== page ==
“Here we go,” I thought as I clinked glasses and took my first sip. Oh, no — this stuff is tasty. There wasn’t even a hint of a marijuana taste, which made it all too easy to throw back; I had to remind myself to go slow. Unfortunately, I don’t always listen to my better self, so I couldn’t resist when a second glass was offered. Soon, I felt the subtle effects of the THC-infused drink. I was a bit buzzed, similar to how I feel after a good glass of wine.
When dinner was ready, we all returned to the table for our six-course meal. Yang, the host and creator of PopCultivate, had a guest chef, Alan Kang, joining him that night. It was the first of their intimate dinner series, and they talked about feeling excited to get more creative and technical with the dishes we’d be eating. As the first course came out Top Chef-style (I love that show, so this was thrilling), Kang stood before us and described the meal’s ingredients. It was also explained to us that the food infused with cannabis wouldn’t actually smell or taste like marijuana, and that their effects would come upon us more instantly than we’ve experienced with other edibles.
These were not your college roommate’s pot brownies.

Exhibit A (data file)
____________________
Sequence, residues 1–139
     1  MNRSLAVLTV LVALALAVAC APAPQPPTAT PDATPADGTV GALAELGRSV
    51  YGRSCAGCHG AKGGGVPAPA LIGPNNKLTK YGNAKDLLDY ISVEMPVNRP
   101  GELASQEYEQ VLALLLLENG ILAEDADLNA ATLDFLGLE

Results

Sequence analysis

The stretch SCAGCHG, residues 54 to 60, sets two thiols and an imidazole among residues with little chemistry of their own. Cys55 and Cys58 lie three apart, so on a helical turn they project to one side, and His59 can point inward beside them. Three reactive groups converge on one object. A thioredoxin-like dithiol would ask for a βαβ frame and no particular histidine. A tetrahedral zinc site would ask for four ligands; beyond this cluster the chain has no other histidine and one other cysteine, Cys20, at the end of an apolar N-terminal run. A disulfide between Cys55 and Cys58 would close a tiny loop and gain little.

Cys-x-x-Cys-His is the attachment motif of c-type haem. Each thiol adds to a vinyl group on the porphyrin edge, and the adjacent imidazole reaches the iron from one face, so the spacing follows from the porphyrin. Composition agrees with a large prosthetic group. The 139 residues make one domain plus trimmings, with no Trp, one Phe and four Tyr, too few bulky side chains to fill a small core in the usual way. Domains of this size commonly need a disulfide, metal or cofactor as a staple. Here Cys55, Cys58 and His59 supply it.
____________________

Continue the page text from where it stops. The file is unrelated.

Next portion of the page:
Instead of that common feeling of an edible suddenly hitting you out of nowhere — “not high, not high, SO HIGH!” — it was a much more gradual, yet quick buildup. More than anything, the strongest emotion I felt was happiness.
That was such a welcome surprise since, in the past, marijuana has made me feel extremely paranoid — that’s one of the reasons I usually avoid it. But this time, I wanted to be social and bask in the company of strangers. I didn’t feel like my mind was wandering out of control. I was very much in the moment, enjoying it.
Everything we ate that night was just as good — if not better — than many of the amazing meals I’ve had at fancy restaurants. The hamachi was fresh as can be, the roasted beet salad had such an interesting flavor, and the wagyu beef cheek was one of the most tender, melt-in-your-mouth pieces of meat I’ve ever eaten. I found that some of the people at the dinner were also extremely interested in food. We talked about our favorite restaurants and dishes throughout L.A., and I still couldn’t believe I was having such a great time with these strangers, considering my memories of freaking out while high.
The team at PopCultivate knew exactly what they were doing when they crafted this menu. Their expertise allowed them to properly dose the meal so that it was a positive experience. Case in point: dessert. We ate a vanilla ginger panna cotta infused only with CBD (the component of cannabis that doesn’t get you high, but helps you relax and has a host of medicinal benefits). It was the perfect end to a once-in-a-lifetime meal.
I don’t plan to get high all the time now, but I have to say that my opinion of marijuana changed after this experience.
Let’s just say I’m no longer only a food snob, but a proud cannabis snob, too.